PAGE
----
Basil Wolverton’s Spacehawk was one of the artist’s earliest, and most popular, strips. The “Powerful, Mysterious Man From Outer Space” debuted in the fifth issue of Novelty Press’ Target Comics (June, 1940) and proceeded to warp readers’ minds with some of the most unusual-looking alien beings in the nascent medium’s history.
( A good example of the bizarre villains Wolverton created for Spacehawk can be found in Fantagraphics’ excellent 2009 compilation, Supermen! The First Wave Of Comic Book Heroes 1936-1941)
Sadly, by the 13th issue Target’s publisher decreed that the publication’s characters concentrate their efforts on aiding America’s WWII efforts. This shift in direction was accompanied by a less than subtle spread detailing Uncle Sam’s new assignments for each of Novelty’s adventurers.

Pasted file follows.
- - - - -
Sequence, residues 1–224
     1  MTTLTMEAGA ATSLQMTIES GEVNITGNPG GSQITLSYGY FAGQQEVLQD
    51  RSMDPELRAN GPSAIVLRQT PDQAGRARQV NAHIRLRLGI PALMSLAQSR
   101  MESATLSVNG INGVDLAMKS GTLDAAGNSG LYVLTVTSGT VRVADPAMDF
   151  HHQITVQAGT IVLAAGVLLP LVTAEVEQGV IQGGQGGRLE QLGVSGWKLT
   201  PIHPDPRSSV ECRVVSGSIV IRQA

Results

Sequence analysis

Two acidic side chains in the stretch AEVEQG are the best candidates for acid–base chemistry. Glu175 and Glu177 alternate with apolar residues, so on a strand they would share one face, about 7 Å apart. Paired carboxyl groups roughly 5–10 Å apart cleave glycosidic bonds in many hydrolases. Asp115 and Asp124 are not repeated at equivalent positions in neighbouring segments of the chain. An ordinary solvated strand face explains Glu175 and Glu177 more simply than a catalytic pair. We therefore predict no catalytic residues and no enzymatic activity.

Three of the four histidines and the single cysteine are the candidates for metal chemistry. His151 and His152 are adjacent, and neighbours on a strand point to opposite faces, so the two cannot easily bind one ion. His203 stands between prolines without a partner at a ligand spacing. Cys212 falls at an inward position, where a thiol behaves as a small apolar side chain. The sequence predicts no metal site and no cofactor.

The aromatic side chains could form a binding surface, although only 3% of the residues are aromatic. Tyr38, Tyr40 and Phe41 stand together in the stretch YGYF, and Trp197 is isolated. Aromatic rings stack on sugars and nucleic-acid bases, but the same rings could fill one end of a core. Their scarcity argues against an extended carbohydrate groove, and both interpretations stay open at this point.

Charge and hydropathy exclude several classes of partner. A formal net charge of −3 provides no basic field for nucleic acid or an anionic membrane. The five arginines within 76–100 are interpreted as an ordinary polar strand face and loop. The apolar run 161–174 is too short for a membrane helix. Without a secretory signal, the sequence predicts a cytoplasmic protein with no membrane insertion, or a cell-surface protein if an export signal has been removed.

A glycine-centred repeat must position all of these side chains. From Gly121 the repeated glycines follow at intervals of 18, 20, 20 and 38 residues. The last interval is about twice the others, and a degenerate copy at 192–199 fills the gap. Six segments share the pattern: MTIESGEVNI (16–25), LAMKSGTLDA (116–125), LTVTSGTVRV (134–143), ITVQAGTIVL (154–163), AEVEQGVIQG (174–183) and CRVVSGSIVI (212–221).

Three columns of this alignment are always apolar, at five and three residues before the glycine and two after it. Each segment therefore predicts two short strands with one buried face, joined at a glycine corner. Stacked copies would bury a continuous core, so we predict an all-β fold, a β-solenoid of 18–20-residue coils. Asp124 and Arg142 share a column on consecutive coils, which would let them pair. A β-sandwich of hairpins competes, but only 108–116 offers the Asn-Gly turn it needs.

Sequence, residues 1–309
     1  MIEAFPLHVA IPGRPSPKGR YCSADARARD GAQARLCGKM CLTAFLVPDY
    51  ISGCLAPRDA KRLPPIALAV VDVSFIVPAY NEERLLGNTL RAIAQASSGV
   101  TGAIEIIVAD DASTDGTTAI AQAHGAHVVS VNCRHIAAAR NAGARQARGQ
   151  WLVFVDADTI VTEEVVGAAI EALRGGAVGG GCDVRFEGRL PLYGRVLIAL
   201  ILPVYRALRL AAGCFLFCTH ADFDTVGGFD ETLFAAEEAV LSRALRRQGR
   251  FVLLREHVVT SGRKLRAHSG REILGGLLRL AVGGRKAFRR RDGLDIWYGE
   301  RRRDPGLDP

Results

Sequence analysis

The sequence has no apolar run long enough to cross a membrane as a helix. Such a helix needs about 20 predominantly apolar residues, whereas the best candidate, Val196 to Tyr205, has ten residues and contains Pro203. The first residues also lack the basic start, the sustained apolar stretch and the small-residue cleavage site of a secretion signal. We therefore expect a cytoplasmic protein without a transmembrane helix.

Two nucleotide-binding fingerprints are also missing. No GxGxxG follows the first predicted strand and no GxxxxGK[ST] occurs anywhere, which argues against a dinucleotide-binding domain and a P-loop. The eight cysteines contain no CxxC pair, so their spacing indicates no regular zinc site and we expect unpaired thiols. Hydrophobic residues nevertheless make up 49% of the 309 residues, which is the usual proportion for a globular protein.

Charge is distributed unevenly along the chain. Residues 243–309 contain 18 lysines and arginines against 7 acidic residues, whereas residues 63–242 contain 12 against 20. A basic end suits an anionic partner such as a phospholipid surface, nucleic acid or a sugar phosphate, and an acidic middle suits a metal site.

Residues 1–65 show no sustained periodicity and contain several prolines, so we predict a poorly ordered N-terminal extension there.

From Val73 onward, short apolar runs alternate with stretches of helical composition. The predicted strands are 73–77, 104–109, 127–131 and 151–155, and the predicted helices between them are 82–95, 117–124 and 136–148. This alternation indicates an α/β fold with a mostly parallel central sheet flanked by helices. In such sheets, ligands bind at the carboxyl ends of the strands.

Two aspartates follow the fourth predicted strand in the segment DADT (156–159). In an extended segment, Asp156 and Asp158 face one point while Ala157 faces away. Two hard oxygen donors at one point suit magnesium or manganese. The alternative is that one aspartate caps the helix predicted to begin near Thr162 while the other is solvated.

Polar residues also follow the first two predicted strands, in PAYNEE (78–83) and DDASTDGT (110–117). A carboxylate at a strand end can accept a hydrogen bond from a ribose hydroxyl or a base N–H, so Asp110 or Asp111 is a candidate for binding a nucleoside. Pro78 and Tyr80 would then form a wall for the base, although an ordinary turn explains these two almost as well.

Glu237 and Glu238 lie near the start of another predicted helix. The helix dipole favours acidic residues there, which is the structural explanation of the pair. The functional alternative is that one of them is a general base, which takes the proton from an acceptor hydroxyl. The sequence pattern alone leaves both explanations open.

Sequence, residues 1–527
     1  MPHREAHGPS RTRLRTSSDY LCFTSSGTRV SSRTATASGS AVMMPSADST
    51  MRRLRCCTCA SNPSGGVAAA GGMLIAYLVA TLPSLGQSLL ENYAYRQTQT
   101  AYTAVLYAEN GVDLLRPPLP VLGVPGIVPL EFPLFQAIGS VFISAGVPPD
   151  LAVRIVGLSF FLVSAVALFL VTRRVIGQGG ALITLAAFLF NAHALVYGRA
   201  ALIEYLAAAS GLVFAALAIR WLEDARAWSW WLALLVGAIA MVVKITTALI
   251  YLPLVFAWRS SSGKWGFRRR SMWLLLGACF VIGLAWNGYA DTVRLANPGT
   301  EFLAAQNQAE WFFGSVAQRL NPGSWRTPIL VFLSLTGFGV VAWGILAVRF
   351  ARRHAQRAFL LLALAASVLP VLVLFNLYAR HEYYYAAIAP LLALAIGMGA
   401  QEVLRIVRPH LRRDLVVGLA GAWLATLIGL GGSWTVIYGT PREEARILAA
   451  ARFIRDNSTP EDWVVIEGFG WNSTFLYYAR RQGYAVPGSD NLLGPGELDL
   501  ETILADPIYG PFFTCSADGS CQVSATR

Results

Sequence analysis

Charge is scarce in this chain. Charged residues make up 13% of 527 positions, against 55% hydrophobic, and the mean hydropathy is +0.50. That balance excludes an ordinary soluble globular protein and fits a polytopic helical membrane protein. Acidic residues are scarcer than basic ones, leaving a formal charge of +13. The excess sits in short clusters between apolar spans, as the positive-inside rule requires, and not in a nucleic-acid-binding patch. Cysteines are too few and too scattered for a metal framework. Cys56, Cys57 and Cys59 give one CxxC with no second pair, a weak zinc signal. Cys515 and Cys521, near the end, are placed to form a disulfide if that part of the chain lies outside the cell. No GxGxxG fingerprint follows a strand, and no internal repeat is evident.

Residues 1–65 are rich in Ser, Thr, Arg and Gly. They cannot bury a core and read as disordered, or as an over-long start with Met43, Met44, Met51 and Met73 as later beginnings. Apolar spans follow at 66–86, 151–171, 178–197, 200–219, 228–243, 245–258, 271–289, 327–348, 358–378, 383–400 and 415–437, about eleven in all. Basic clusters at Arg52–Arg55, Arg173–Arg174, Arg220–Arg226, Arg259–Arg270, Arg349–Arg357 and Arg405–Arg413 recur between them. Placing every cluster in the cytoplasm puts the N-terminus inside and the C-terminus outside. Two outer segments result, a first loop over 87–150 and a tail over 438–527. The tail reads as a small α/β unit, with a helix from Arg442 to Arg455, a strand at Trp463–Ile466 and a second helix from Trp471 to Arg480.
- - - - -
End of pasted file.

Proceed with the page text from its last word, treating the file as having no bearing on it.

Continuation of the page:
Suddenly the futuristic Spacehawk found himself stuck in the 20th century battling Axis spies and saboteurs, a situation Wolverton greatly disliked. Although the feature continued in Target until 1942, the writer-artist correctly pointed out in later years that the “zip had been taken out of the strip.”
Although the following untitled tale appeared in the selfsame issue (Target Comics, Vol. 2 #1, 1941) that featured Uncle Sam’s marching orders to Spacehawk, Wolverton still managed to sneak in a few trademark sci-fi grotesqueries to more than offset some rather wooden attempts to pacify Novelty Press’ Powers That Be.